Trump Administration to Roll Back Obama-Era CAFE Standards

The Trump administration's proposal, jointly published by the Environmental Protection Agency and the Transportation Department, would roll back a 2012 rule that required automakers to almost double the fuel economy of passenger vehicles to an average of about 54 mpg by 2025.

Today's amended complaint argues that California's firearms laws, passed to protect its residents from gun violence, would be undermined by the public distribution of 3D downloadable guns and that the Trump Administration is violating the Administrative Procedure Act in permitting downloadable guns to be made available online.

The administration's proposal asserts that "attempting to solve climate change, even in part" is "fundamentally different" from the Clean Air Act's "original objective of addressing smog-related air quality problems". The CARB standards have since been adopted by 12 other states, accounting for 35 percent of the US auto market, and are on track to reduce America's oil dependence by more than 2 million barrels a day and will effectively eliminate the impact of 59 million vehicles from the road by 2030.

The Obama administration had planned to keep toughening fuel requirements through 2026, saying those and other regulations on vehicles would save 40,000 lives annually through cleaner air.

The nation's automotive manufacturers welcomed the rollback, but some are expressing unease as the may have to make vehicles that meet different requirements in different states. "Industry representatives commended the Trump administration Thursday for putting out multiple options for public comment but stressed that they continue to support fuel-economy increases", Brady Dennis, Michael Laris and Juliet Eilperin write for the Washington Post.

However, Wheeler's views have clashed with those of others in the administration, particularly in the White House and at the Transportation Department, who are said to be spoiling for a fight with California. Automakers have called that a worst-case scenario. By seeking to strip California of its authority to set its own strict vehicle emissions standards, the proposal also opens new questions about the limits of federal powers over states.

The National Highway Traffic Safety Administration (NHTSA) and the Environmental Protection Agency (EPA) have released their proposed vehicle fuel economy rule called the Safer Affordable Fuel-Efficient (SAFE) Vehicles Rule for Model Years 2021-2026 Passenger Cars and Light Trucks.

However, in April, EPA arbitrarily reversed course and claimed that the greenhouse gas emissions standards for model years 2022-2025 vehicles should be scrapped. The plunge in natural gas prices and other market forces have steadily lowered the climate impact of utilities, but transportation is proving more stubborn.

The Obama administration received criticism for repurposing the CAFE program from its original objective in 1975-reducing American dependence on foreign oil imports-to a Global Warming scheme aimed at reducing greenhouse gas emissions and encouraging consumers to purchase electric cars. Though, to bring it into the mass production realm for entry-level and family cars to begin, it would greatly increase the cost of a vehicle.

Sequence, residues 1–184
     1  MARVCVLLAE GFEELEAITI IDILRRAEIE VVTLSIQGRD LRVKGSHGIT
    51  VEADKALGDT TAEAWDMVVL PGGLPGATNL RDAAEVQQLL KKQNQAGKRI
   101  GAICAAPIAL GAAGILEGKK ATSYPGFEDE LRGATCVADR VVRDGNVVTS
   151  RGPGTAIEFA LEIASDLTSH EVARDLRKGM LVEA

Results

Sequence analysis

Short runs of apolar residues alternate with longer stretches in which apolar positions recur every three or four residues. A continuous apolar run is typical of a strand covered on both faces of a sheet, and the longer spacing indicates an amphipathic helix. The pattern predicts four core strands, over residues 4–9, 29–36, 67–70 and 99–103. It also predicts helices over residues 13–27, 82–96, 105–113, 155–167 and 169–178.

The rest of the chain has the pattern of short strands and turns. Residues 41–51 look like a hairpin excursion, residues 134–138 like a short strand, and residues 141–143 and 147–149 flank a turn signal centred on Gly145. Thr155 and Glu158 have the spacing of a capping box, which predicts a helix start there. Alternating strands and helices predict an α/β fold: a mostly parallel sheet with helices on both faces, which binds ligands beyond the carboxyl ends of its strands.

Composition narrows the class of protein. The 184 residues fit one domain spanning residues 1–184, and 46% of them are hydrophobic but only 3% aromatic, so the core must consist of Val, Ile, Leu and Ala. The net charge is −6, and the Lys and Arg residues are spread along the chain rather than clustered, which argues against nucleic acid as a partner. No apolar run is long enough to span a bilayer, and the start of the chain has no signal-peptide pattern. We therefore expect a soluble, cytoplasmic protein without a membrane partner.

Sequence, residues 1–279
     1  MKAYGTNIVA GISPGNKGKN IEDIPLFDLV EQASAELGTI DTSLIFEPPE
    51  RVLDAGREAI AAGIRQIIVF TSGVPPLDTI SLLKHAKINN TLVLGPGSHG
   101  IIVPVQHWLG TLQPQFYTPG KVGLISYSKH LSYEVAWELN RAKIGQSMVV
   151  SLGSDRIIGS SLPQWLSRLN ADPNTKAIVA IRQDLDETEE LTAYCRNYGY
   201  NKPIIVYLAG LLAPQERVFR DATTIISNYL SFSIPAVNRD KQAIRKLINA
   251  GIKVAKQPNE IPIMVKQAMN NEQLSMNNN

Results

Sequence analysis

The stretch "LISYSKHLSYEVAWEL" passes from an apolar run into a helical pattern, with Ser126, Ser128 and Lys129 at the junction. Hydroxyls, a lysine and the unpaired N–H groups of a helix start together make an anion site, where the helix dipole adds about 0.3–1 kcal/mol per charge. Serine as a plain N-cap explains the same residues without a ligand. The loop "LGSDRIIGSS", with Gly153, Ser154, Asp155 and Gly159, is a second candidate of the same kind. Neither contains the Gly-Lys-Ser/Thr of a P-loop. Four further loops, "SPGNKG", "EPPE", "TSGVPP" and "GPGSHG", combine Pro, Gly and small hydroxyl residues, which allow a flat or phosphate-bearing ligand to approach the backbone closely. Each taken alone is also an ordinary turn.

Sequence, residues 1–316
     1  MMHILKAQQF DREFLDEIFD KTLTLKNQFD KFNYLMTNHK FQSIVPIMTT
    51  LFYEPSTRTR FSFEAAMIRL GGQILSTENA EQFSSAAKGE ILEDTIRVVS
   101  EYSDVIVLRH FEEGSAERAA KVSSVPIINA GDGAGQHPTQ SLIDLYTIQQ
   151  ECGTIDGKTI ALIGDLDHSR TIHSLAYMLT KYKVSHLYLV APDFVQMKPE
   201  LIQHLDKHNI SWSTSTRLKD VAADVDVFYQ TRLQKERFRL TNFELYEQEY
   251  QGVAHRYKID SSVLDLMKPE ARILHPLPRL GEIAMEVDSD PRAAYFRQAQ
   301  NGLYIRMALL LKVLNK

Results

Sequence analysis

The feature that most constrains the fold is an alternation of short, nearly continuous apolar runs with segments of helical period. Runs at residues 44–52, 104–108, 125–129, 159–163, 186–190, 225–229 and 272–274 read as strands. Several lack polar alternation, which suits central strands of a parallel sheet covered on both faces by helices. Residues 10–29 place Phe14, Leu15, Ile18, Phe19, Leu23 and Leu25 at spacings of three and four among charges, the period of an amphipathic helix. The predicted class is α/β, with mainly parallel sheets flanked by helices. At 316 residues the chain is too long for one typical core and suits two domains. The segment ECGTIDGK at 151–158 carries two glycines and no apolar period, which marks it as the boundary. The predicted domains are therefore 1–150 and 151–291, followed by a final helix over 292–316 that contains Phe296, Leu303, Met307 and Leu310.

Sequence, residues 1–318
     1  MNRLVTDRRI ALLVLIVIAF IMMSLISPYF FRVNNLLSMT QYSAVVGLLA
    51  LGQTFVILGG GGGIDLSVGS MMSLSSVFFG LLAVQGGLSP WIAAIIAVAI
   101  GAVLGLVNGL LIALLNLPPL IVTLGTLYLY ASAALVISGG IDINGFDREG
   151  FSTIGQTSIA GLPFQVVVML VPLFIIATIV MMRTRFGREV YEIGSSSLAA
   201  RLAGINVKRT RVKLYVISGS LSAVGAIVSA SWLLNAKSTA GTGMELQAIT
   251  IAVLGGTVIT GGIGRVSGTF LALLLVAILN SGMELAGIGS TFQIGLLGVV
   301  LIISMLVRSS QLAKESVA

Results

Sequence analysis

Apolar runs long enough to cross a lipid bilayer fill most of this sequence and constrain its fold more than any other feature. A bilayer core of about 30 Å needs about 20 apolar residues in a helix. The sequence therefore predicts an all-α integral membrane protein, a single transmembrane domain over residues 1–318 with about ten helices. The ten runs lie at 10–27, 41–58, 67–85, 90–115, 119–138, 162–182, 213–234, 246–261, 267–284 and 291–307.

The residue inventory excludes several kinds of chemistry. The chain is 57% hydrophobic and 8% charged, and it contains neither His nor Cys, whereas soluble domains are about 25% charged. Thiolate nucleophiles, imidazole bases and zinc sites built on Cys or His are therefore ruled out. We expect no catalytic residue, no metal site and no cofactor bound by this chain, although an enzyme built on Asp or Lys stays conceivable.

The Bay Area firm Energy Innovation, which models the environmental impact of energy policies, projects the proposal would increase USA fuel use 20 percent by 2035.

According to Trump administration estimates, the Obama fuel efficiency standards would raise the price of vehicles by an average of $2,340.

"More realistic standards will promote a healthy economy by bringing newer, safer, cleaner and more fuel-efficient vehicles to U.S. roads", said Transportation Secretary Elaine Chao. Being that the Administration's two primary arguments for the proposal are affordability and safety, their argument behind road fatalities is that as the cost of a new vehicle increases, people will be less likely to buy one, opting for a older, less safe model.

The argument may prove a tough sell in court, where attorneys for states and environmental groups will come armed with a wealth of data undermining it. It met its 2020 goals four years early, but hitting the next target will be much harder without cleaner vehicles. "They have failed before".

"This is an unprecedented and unlawful action that the California officials say, "...flies in the face of congressional intent and would aggravate the harms to consumers, public health, the economy and the environment caused by the weakening of the federal standards".

Also urging the Trump administration to go back to the drawing board will be the nation's manufacturers of auto parts and components. He assured them he would, ordering his EPA chief and Transportation secretary to try to broker a deal with California.

UCLA environmental law professor Ann Carlson says California has received almost 100 such waivers under the Clean Air Act to implement its own standards over the past 50 years.

California Attorney General Xavier Becerra said the state would "use every legal tool at its disposal" to defend the tougher rules.

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